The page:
There were more than 200,000 child rights abuse cases in Nigeria in 2020, according to the National Human Right Commission (NHRC). Today, many girls in Niger State, Nigeria have chosen to remain silent about the sexual abuse they’ve experienced, often due to stigmatization. In some cases, too, the perpetrators are relatives.
In September, Crusaders Radio, an independent radio show that broadcasts from Niger State received a report about a young man who had committed sexual violence against two related minors. The radio station dived into the case, and involved Niger State Child’s Right Agency to help identify and prosecute the perpetrators. The men were later arrested by authorities.
For the past five years, Crusaders Radio has focused on shedding light on civil and human rights abuses in the state. Through its reporting, the radio show has helped groups — especially the less privileged — receive justice.
During the independent radio show, which today has over 70,000 listeners, listeners submit complaints which are then discussed and resolved on air.
“Our activities are mainly centered on injustice, abuse of power, human rights abuse, child abuse and theft among other social vices,” said Crusaders Radio’s founder and CEO, Sony Otache. “Any of the problems we can’t provide solutions to, we look for the root causes of the problems and uproot [them] directly.”
Crusaders Radio has helped over 2,000 people through the outlet’s unique dispute method, according to Otache. Cases brought to the radio show’s attention are first negotiated off-air between the parties and the outlet; only when one party refuses to resolve the case after several attempts is it brought to discuss on the program.
For instance, co-host Ahmed Isah Sapke explained how the show helped several students at the School of Nursing Sciences, Bida, in Niger State graduate in 2022. In this case, the school management published names of students who would not be sitting for their final year semester examination because of their failure to obtain their index number, which indicates the cost of studies for students, due to changes in the school fees payment system by school management.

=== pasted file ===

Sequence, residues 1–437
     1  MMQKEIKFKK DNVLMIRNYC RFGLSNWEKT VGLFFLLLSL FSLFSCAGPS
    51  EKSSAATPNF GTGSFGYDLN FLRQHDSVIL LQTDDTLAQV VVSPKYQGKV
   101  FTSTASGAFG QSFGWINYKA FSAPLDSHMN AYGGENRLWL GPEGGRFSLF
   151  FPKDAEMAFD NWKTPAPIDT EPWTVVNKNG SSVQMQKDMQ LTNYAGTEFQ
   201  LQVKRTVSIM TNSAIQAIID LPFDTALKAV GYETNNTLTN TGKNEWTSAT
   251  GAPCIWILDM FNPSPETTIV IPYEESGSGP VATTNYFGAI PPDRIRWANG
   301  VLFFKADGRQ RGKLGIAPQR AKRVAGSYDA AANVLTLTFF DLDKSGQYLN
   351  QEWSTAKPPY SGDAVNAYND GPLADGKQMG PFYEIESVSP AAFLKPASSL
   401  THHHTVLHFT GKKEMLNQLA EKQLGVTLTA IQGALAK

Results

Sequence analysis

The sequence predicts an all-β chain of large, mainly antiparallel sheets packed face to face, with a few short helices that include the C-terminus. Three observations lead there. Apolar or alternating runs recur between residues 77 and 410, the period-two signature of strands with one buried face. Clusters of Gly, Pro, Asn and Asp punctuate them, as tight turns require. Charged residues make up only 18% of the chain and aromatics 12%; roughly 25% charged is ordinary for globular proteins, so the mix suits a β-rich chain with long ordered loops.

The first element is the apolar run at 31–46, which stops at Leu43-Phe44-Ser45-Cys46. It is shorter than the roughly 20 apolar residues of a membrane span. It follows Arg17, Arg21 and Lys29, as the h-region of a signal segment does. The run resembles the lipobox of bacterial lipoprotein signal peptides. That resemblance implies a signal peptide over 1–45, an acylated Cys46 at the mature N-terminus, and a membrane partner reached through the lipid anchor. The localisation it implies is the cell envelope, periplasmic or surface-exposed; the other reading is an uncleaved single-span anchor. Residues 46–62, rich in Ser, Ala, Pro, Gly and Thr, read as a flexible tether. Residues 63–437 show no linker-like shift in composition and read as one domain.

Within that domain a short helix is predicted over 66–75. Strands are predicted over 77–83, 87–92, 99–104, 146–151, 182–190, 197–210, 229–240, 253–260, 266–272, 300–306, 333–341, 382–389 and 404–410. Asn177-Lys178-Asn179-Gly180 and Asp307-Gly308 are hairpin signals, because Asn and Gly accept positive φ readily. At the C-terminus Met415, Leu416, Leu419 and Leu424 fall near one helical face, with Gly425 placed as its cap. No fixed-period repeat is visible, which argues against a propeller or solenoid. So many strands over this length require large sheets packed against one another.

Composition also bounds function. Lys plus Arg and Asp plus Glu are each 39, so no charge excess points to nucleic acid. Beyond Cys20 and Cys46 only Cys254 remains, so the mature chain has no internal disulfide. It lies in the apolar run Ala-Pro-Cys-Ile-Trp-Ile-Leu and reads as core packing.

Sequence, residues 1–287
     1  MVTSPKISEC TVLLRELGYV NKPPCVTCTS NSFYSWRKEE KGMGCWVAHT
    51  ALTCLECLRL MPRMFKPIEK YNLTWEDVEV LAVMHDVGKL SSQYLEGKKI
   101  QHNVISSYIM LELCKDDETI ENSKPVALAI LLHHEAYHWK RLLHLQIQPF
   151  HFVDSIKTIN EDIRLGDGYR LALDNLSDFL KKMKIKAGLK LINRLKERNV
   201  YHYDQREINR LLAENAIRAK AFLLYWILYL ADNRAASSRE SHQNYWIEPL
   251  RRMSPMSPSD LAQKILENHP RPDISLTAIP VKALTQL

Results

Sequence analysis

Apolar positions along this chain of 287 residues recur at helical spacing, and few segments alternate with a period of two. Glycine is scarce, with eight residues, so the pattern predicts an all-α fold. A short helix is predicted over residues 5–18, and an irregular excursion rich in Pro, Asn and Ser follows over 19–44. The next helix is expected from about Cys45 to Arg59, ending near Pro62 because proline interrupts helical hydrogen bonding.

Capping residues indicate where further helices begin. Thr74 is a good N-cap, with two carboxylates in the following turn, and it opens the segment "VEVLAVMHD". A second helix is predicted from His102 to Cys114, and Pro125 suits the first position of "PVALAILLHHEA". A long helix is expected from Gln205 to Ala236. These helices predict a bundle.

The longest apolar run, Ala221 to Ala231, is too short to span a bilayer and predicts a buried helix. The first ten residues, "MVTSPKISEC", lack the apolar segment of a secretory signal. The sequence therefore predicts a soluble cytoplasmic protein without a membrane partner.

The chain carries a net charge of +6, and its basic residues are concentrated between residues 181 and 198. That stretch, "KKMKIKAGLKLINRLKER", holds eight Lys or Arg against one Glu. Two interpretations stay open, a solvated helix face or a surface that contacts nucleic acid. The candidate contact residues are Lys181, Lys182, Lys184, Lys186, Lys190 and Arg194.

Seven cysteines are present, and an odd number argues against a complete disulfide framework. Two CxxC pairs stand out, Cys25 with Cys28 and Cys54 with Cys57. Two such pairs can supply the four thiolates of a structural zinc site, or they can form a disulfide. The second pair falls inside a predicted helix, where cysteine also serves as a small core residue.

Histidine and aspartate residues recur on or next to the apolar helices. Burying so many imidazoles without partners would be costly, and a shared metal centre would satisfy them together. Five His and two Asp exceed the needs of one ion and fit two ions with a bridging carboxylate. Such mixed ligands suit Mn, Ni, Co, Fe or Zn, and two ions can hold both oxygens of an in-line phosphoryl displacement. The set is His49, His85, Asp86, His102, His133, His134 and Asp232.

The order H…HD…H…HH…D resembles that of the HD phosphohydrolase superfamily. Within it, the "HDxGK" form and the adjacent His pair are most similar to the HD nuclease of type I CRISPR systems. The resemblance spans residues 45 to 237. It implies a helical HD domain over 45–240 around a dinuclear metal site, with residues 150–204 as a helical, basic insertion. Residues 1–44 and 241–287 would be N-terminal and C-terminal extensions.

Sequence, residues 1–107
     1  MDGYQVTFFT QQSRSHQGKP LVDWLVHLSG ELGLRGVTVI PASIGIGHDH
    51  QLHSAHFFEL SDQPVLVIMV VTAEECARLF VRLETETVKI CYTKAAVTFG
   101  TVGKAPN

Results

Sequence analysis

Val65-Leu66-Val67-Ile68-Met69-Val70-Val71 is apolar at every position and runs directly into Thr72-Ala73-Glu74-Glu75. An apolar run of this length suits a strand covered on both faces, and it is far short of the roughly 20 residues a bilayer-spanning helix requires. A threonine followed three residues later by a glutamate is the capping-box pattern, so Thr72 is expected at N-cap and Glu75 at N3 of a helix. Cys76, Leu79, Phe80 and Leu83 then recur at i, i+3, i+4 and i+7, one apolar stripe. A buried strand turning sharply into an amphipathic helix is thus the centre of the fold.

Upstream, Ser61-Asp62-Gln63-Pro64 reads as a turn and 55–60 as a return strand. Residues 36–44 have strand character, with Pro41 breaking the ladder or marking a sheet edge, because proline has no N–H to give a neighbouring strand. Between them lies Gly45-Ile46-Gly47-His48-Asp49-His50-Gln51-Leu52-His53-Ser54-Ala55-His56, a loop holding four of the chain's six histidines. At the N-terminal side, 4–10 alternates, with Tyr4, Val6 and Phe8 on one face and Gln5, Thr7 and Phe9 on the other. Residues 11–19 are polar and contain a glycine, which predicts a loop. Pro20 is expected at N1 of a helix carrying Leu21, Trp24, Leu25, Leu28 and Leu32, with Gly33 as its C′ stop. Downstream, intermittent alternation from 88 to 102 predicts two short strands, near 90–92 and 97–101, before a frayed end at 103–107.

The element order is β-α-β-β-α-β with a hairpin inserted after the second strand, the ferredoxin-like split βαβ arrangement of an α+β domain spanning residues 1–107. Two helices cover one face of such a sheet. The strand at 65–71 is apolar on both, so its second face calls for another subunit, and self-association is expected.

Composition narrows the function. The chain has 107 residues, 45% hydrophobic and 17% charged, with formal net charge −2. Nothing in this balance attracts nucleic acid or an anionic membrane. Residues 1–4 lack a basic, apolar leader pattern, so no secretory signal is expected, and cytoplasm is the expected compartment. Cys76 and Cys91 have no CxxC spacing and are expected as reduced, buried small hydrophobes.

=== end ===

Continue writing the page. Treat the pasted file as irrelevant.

In October, just before the commencement of exams, one of the students, Saratu Abubaker Doma, forwarded the list of the affected students to Crusaders Radio’s service line, accompanied by a brief text explaining what transpired between them and school management. After Crusaders Radio reported the case to the state government, the school changed its decision and allowed the affected students to obtain their index number and register for final exams.
In another case, a former police officer reached out to Crusaders Radio claiming he had been illegally dismissed from service in 1991 on a misconduct allegation that could not be proved. The radio show contacted the police commission in the capital of Abuja and the officer ultimately received some of the retirement benefits he was previously barred from.
Coming with clean hands
A popular saying in Pidgin English, often spoken by the presenter of the radio show, is “na person wey he hands dirty na him dey hide am for back” — in other words, “He who comes into equity must come with clean hands.” For those behind Crusaders Radio, this means that they must not take sides during the disputes.
The radio show’s continued existence shows its impact, explained Otache. “Government and the society could clamp down on us if we are doing our things wrongly and out of context,’’ he said. “We are on track and we are heading in the right direction. We are prospering and we hope to strive higher to touch more lives.”
Going forward, the team plans to search for experts in pressing issues like elections, politics or social conflicts, for interviews and to offer timely insight. The main challenge Crusaders Radio continues to face is in gaining further trust among the public, including with government officials, in order for citizens to report cases to them without fear of reprisal or biased decision making.
Raising public awareness
Mohammed Dantala Aliyu, a journalism lecturer and public affairs analyst, noted that radio shows like Crusaders Radio have gone a long way in addressing problems of social injustice, which has become rampant in Nigerian society. The easiest way to curb injustice, said Aliyu, is by raising awareness through the media.
Aliyu added that these radio shows have been instrumental in educating the public about social injustice and how it can be managed, making their presence in the public space invaluable
Today, many victims of social injustice in Niger State have stories to tell, but have been unable to voice their problems due to a lack of opportunity. By providing a platform for victims to speak up and be heard, Crusaders Radio and programs like it are fulfilling a crucial need in the region.
Photo by AMISOM on Iwaria.